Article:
I'm not talking about just taking some bubble baths here (though bubble baths are a great piece of the self-care puzzle for many).  I mean taking a step back and evaluating the actions that sustain your soul and creating a sustainable plan to keep your self-care in balance amid the stress of daily life.  

Here are some questions to ask to help you create a self-care plan.  You can also download a this guide in the Relationship Toolbox to walk you through creating and maintaining your own plan with ease (don't worry, it's free).

  1. When did I last take a full breath?  What helps me breathe easier?
  2. When in my regular life do I feel most powerful?  Most confident?  What do I wear, who is present, what prep work and support helps get me to that empowered space?
  3. When (in my life and in my average week) do I feel most connected to my body?  What helps me feel more love for my body?
  4. How do I most like to connect with others socially?  Who are the folks in my community who sustain me?  What would it take to connect with them this week?
  5. How can my partner support me in find better balance?  What does meaningful support look like in this relationship?

If you want more help sorting through sexual desire fatigue I have a couple openings for new clients and am happy to chat with you about reigniting sexual passion.  

READ THE REST OF THE SERIES:

  1. Biology

  2. Time Scarcity

  3. Lack of Self-Care

  4. Maintenance Sex - Break Free of Obligation

  5. Lack of Inspiration - Invest in Creativity, Wonder and Awe

  6. Assumption-Making - Get Curious and Explore

  7. Initiation Hesitation - Live Courageously and Circle Back

  8. Lacking Feedback - Highlights Reel

  9. Poor Consent Practices - Talk During

  10. Sex Negativity - Don't Yuck Their Yum

  11. Routine Boredom - Fantasy Sharing, Find Inspiration

  12. Necessary Repairs - Move Past Resentment with Apology and Personal Responsibility

  13. Desire Maintenance - Invest in Your Sexiness

  14. Alone Time


polyamory counselor portland open relationship counselor portland

Hi!  I'm glad you're reading.  Let me know if I can help you:

  • rediscover passion in long-term relationships
  • repair trust after infidelity or dishonesty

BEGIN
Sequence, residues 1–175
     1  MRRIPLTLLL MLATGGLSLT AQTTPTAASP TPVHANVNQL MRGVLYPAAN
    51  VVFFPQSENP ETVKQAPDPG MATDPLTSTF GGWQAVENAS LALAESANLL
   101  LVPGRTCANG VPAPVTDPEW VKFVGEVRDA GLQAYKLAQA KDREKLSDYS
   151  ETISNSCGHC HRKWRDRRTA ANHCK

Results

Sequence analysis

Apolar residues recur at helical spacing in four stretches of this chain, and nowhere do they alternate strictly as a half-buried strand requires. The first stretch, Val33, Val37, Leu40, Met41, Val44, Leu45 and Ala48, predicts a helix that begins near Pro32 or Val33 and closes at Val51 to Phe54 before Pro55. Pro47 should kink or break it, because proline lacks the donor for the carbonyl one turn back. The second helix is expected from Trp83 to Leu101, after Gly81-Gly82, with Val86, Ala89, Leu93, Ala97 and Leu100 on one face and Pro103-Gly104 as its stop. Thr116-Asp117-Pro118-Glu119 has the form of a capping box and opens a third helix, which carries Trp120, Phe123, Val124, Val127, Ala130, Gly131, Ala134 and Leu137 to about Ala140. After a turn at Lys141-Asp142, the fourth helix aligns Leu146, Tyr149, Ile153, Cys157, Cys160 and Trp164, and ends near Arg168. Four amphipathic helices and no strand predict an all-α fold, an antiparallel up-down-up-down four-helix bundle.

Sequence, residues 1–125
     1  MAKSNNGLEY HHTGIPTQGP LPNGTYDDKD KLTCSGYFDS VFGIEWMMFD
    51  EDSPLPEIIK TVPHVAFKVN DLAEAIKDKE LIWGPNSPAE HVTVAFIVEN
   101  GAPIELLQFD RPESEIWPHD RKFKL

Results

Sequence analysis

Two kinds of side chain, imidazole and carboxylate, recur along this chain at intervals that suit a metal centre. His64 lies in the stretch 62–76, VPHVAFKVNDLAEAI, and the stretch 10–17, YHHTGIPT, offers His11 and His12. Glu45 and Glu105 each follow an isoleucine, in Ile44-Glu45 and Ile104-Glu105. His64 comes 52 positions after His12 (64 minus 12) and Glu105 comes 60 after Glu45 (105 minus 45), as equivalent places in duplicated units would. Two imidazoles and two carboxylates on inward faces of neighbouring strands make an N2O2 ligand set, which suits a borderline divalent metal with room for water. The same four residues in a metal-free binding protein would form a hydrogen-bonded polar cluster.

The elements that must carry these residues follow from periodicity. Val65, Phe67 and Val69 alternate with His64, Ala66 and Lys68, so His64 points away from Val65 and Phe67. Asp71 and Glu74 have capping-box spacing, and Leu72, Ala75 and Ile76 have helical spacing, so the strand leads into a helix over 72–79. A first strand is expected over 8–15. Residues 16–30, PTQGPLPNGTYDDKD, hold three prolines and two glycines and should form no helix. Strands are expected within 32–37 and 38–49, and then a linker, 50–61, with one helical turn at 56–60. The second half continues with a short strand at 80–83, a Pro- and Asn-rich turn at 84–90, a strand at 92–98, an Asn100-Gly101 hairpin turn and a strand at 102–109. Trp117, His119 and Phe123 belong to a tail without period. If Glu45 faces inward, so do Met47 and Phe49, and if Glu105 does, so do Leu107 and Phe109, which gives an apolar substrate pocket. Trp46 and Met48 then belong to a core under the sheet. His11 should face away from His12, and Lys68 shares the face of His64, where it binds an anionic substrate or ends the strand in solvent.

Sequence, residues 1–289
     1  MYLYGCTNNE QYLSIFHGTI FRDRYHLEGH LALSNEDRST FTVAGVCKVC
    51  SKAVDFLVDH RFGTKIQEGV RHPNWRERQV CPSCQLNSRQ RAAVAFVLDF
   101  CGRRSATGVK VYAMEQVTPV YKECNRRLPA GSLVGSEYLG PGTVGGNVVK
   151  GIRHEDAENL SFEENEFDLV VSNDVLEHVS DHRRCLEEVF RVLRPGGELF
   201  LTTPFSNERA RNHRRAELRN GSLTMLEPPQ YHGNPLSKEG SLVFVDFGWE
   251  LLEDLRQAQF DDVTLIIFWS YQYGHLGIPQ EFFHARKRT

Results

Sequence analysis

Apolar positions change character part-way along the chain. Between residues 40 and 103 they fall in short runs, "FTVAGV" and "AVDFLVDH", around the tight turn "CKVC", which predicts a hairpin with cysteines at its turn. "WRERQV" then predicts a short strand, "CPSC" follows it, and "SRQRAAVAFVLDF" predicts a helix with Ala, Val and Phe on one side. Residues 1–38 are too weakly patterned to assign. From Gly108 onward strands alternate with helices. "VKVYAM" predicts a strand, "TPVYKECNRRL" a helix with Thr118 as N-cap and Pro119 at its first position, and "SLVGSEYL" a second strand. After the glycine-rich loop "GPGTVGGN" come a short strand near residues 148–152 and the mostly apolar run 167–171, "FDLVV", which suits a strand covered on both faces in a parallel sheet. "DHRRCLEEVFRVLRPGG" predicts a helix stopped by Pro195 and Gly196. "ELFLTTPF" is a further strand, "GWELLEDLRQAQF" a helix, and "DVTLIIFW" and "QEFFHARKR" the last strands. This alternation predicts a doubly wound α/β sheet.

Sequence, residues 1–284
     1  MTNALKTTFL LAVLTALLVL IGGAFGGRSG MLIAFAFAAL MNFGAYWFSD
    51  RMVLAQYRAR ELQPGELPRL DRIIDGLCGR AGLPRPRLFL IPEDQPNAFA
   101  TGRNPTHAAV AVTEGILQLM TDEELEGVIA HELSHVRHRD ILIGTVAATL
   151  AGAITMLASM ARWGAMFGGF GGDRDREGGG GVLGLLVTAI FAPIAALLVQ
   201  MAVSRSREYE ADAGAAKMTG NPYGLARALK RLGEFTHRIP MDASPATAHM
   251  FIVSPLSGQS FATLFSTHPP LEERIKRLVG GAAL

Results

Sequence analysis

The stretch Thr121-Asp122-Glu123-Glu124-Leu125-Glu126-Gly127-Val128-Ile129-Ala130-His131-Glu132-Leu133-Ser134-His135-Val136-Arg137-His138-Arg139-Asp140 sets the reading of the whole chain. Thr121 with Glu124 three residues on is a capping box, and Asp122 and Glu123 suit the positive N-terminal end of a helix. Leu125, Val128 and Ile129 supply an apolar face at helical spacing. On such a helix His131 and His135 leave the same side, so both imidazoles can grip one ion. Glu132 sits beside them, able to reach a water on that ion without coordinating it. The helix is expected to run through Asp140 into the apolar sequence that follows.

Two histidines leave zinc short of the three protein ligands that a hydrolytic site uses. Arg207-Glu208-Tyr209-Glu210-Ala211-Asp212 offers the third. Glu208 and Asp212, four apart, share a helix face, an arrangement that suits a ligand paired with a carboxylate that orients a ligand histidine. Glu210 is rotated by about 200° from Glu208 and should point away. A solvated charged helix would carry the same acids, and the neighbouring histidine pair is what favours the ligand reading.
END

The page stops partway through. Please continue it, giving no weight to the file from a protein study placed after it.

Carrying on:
• move beyond jealousy, insecurity or codependency
  • resolve sexual dysfunction and disconnect
  • break unhealthy communication patterns 
  • open your relationship and practice polyamory with care

Call me for a free consultation to rethink your relationship.

 

Gina Senarighi, MS, MA, CPC is a communication consultant, sexuality counselor and certified relationship coach specializing in polyamory, open relationships, jealousy, and infidelity.  

Why You're Not Having Sex: Time Scarcity

poly therapist portland sex therapist | couples counseling for sexuality

This is part of a series of posts about sex and desire in long-term relationships.  CLICK HERE to read the full series.

Today I want to talk about one of the simplest ways to increase the sexual connection between you: clearing up time scarcity.  

Time scarcity is usually something we talk about at work.  You miss a deadline and find yourself procrastinating yet you always find yourself running out of time to really get things done. You just never can find the time to do the thing that's most important.  

Apply that theory at home and you'll hear one of the most common factors facing busy couples in their sex life.  Between laundry, errands, hobbies, friends, and work there's just no good time for sex.   

Time scarcity breeds sadness at lost opportunities.  It also fuels comparison and shame when we look at others who somehow have time to do the things we wish we were doing.

There are three key ways to shift the time scarcity mindset.  Try applying these in your own life:

1.  Check your beliefs

Most of the time this time scarcity is all in your head.  Reality-check your thoughts here.  Is it really completely true there 's no time for sex?  How long does sex usually take you and your partner?   

For most couples it takes 5-20 minutes to have satisfying sex- are you really sure there are no 20-minute sessions you can free up in the week?

2.  Shift to appreciation and gratitude

Sometimes when we're stuck in a mindset of lacking we completely miss the opportunities all around us.  We're so focused on what's not happening and our resulting disappointment, we miss all the space where it could happen.

Try spending a week shifting your mindset.  Every time sexual time-scarcity crosses your mind shift to appreciation for the times you do have affection, connection, understanding, and attraction between you.  Start noticing the opportunities that are already there in order to enhance them.

3.  Reprioritize your schedule

Most people have peak possibility times each week, in session we call these optimal arousal zones.  These are times and settings where we're more likely to be open to having sex.  

It's not unusual for you and your partner's arousal timelines not to be in sync.  Often one of you prefers mornings and another might prefer mid-afternoon.  One of you might realize you're most easily aroused when on a dance floor and another might be best in the mood after a sleep-in morning.

It's also not uncommon to have the daily routines and responsibilities of life interrupt your sexual peak schedule.  If you're a mid-afternoon person and you work a 9-5 job, it can be hard to find a time to connect with your partner that aligns with your arousal zone.